While “Wish” hasn’t received nearly as much scrutiny as other Disney movies of the last couple of years, some have pointed out that its central theme could be problematic. Daily Wire co-founder and Editor Emeritus Ben Shapiro pointed out that “It seems that the plot is, essentially, about how God is bad. So, what it is is a king [who] grants people’s wishes, but he has an apprentice … and this apprentice finds out that the king is only selectively granting people’s wishes, and is picking and choosing.”

“This is a terrible, terrible thing — she will grant everyone’s wishes!” he added sarcastically. “Which, you don’t have to go far afield to understand that what that kind of is is, ‘God is bad because he said no to you sometimes.’ So it would be better if there were an empowered female character to get up and make sure that all wishes be granted across the board.”

While Disney’s animated films have struggled this year, its main competitors thrived — and largely stayed out of politics. Sony Pictures Animation, DreamWorks, and Illumination (the latter two owned by NBC Universal) have all seen massive hits in 2023 with “Spider-Man: Across the Spider-Verse” ($690 million), “Puss in Boots: The Last Wish” ($484 million), and “The Super Mario Bros. Movie” ($1.3 billion), respectively.

Special Screening Of Universal Pictures' "The Super Mario Bros. Movie" - Arrivals

Leon Bennett/FilmMagic

Sony’s “Across the Spider-Verse” did garner attention after some fans speculated that several minute details in the movie suggested one of the main characters, Gwen Stacy, was transgender, but ultimately the backlash against the alleged insinuation pales in comparison to what Disney has faced over the past couple of years.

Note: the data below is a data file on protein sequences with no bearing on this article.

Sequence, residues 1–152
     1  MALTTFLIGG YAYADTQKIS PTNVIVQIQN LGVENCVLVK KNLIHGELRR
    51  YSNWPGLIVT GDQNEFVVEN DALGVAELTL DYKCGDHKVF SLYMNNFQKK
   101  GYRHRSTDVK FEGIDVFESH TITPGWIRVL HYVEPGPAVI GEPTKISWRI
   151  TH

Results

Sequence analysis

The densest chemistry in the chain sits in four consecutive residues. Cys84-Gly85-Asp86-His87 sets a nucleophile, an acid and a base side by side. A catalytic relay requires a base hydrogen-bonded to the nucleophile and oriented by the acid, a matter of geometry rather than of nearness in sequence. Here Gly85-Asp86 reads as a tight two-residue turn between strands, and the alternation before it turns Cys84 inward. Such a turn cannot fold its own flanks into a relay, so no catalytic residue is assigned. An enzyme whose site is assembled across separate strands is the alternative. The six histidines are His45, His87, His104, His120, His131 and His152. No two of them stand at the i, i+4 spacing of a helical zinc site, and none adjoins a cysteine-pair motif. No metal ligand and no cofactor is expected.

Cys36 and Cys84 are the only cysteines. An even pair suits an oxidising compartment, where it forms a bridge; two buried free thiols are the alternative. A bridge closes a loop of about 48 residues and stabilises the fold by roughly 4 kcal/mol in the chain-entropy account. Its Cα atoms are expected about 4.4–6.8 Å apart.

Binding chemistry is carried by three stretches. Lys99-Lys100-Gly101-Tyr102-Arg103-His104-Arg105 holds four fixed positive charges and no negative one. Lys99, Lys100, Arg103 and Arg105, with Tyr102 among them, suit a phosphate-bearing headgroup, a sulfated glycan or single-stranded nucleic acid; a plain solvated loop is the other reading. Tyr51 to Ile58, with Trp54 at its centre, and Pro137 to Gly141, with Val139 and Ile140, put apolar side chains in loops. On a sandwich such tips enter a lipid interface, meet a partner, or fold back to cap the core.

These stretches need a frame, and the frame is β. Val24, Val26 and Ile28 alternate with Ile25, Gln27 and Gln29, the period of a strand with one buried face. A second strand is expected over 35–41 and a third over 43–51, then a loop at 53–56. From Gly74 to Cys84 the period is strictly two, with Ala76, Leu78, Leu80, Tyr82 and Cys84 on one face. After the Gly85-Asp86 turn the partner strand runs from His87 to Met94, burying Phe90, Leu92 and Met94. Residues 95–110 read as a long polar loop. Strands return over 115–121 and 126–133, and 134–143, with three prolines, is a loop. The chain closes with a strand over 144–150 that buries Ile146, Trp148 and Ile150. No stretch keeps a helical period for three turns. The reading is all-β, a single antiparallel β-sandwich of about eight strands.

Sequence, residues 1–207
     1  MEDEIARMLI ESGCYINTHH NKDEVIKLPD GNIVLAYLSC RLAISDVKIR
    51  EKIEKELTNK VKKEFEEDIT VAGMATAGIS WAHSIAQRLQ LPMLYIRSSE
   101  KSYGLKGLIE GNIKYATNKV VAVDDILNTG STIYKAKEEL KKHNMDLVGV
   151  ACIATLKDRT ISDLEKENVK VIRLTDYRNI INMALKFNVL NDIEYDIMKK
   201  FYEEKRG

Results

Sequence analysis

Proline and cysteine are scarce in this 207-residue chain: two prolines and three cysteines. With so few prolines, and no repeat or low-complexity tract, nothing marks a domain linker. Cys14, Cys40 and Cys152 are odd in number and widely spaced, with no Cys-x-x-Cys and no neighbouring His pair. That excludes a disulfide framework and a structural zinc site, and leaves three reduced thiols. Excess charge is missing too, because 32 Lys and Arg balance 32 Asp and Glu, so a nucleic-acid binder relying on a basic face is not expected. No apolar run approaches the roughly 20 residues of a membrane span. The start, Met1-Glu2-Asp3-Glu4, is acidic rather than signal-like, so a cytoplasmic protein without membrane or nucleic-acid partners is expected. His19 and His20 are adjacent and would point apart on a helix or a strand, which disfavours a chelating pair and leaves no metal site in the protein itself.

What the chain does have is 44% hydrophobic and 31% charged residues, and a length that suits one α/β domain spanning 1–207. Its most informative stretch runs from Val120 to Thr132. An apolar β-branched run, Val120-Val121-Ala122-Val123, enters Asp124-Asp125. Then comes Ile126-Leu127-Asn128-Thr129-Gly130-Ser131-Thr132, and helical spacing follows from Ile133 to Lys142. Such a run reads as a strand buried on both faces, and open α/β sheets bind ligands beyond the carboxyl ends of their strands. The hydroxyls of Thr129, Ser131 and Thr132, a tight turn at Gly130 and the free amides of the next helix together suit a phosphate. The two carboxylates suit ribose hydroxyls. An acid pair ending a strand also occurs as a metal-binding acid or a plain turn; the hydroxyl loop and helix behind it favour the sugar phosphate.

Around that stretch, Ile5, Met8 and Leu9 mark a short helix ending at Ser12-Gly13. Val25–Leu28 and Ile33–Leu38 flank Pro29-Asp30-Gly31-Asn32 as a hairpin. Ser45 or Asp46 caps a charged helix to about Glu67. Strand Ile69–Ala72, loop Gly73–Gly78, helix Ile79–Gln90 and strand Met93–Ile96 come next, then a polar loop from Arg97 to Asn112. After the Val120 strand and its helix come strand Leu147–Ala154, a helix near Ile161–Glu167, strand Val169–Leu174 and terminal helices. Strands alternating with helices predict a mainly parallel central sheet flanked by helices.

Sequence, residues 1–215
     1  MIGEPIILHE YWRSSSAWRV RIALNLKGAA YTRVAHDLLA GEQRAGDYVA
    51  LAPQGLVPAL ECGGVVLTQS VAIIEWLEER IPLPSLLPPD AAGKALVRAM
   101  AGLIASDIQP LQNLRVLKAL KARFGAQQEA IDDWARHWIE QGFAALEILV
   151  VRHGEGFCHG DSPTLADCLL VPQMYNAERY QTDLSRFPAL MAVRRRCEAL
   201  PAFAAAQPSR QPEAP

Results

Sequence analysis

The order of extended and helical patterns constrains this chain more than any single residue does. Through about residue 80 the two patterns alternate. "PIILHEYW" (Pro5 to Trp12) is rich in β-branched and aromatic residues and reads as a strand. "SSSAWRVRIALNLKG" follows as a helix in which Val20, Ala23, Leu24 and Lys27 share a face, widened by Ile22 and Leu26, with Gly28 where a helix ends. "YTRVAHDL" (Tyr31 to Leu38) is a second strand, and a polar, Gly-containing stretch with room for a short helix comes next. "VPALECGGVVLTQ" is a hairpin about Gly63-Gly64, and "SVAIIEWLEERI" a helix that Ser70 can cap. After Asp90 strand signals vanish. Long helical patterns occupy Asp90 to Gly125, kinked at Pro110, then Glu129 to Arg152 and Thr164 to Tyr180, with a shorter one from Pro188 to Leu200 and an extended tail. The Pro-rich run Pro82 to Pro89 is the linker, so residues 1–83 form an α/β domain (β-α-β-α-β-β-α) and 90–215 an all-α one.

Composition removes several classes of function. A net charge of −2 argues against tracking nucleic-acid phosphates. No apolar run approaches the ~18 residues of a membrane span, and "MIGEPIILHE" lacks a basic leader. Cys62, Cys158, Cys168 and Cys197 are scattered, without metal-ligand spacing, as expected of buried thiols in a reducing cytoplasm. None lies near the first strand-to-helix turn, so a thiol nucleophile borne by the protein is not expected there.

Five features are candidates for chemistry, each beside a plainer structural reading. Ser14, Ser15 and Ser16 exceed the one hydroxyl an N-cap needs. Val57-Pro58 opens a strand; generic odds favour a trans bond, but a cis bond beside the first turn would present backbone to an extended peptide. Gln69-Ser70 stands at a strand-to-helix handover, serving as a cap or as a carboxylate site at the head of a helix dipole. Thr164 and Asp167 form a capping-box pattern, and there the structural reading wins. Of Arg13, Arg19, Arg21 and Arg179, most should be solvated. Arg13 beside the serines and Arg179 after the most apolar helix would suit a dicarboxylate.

Overall, the successes of those films in 2023 indicate that there is still a robust demand for kids’ animated content — especially content that doesn’t proselytize to children about the latest Left-wing social causes.

And Disney CEO Bob Iger seems to realize that fact. In the wake of “Wish’s” disastrous opening weekend, Iger said during a Wednesday appearance at the DealBook Summit in New York that “Creators lost sight of what their No. 1 objective needed to be. We have to entertain first. It’s not about messages.”

Whether Disney can recover and regain its pre-eminent position in the world of animation before its repeated commercial flops take a severe financial toll on the company or a new competitor overtakes them remains to be seen. But The Walt Disney Company is undoubtedly reeling from its choice to put politics before profit — and good storytelling.

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Originally Posted on: https://www.dailywire.com/news/disney-tried-to-force-leftist-causes-on-audiences-now-its-paying-the-price
[By: Hayden Daniel